Local anaesthetics in cataract surgery: do eye drops work be
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A study was conducted to identify the potential benefits and harms of lidocaine injection into the eye in addition to anesthetic eye drops during cataract surgery. 13 studies in 2355 adults, aged 34 to­ 95 years, who had cataract surgery in one or both eyes were found. The studies were conducted in hospitals and eye day-care centres in the USA, Canada, Australia, the UK, Italy, Taiwan, Singapore, India.

What are the results of the review?

Compared with giving anaesthetic eye drops alone, lidocaine injection with anaesthetic eye drops probably:

· reduced the level of pain experienced during the operation;

· reduced the number of people who said they felt any pain during their operation;

· did not reduce the level of pain people said they felt after the operation; and

· did not cause additional eye damage (measured before the operation and after 1 and 12 months).

Lidocaine injection with anaesthetic eye drops may make little or no difference to:

· how many people needed extra anaesthesia during their operation; and

· people's satisfaction with their cataract surgery (we are uncertain about this result because it is based on only one study).

The numbers of unwanted (adverse) effects associated with local anesthetics were similar between people who had eye drops alone and those who had eye drops and a lidocaine injection. But we are uncertain about this result because the type of study we looked at may not have been the best to assess unwanted effects. Lidocaine injection plus anesthetic eye drops probably reduced the level of pain during a cataract operation more than using anesthetic eye drops alone and led to fewer people reporting pain during the operation. However, pain ratings for this operation were generally low both with and without a lidocaine injection, so this difference may not be clinically important.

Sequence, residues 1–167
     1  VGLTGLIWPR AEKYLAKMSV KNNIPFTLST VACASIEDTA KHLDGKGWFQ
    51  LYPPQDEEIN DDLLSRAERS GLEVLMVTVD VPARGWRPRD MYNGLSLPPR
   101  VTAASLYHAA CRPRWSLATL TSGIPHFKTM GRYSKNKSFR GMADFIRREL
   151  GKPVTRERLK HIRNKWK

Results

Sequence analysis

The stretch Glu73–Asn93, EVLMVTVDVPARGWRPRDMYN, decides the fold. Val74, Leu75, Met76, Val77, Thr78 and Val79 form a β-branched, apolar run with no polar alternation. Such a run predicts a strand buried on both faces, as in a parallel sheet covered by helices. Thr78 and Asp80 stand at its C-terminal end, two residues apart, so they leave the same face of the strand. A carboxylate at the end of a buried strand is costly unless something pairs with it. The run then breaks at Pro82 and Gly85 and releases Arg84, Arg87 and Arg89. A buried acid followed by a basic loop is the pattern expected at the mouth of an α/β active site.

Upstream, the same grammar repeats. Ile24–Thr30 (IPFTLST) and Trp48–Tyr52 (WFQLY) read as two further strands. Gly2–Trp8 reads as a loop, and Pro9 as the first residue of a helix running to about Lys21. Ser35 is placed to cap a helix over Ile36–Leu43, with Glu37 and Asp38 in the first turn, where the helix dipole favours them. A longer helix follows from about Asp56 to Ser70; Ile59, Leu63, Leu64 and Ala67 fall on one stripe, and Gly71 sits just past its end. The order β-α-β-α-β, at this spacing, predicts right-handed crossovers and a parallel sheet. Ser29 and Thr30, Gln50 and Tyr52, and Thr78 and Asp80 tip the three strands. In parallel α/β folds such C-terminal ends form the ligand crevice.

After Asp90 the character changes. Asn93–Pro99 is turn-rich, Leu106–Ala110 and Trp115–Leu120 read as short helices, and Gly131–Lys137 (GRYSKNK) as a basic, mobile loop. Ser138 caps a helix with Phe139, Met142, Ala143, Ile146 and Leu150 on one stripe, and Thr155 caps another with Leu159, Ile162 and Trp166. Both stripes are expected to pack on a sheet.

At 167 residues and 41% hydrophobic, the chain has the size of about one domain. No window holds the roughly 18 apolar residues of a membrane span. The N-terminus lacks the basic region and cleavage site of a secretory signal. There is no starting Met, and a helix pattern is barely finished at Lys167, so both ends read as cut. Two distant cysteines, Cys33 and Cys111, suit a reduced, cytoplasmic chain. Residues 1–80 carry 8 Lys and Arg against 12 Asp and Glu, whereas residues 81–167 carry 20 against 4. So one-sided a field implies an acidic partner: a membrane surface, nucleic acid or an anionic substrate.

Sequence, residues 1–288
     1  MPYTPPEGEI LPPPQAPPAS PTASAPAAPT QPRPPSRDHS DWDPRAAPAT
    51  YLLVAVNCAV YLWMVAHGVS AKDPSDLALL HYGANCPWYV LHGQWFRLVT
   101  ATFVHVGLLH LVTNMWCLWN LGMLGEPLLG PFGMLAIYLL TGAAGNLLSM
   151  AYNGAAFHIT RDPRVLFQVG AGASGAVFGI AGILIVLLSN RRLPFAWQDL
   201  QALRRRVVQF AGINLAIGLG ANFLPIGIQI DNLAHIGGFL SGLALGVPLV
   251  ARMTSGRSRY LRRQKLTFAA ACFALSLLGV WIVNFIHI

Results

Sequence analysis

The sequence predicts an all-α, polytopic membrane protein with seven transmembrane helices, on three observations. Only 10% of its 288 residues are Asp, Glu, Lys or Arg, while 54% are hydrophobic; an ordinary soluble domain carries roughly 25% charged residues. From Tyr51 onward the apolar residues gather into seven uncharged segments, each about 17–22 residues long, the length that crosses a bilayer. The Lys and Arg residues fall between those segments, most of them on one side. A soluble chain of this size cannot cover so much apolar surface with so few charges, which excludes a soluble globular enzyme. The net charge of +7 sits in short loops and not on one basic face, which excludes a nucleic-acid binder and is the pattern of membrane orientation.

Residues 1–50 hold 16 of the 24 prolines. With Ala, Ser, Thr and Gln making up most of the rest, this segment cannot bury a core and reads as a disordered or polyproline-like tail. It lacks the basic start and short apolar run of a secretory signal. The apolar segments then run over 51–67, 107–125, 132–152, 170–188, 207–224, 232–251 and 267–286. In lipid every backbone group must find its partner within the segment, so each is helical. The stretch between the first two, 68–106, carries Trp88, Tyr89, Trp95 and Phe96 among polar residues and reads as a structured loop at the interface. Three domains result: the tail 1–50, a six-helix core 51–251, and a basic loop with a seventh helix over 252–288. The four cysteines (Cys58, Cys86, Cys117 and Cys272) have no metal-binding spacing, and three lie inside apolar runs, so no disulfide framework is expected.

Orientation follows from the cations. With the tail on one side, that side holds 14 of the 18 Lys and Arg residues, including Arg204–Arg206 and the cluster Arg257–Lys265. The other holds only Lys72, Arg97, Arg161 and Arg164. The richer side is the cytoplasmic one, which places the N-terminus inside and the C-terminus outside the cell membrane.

Lidocaine injection plus anesthetic eye drops did not reduce the level of pain people said they felt after their operation. Although lidocaine injection did not cause additional eye damage, we are uncertain whether its use causes more unwanted effects than eye drops alone.

Source: https://www.cochrane.org/CD005276/ANAESTH_local-anaesthetics-cataract-surgery-do-eye-drops-work-better-or-without-injection-anaesthetic?utm_source=feedburner&utm_medium=feed&utm_campaign=Feed:+NewAndUpdatedSummaries+(New+and+updated+Cochrane+summaries)
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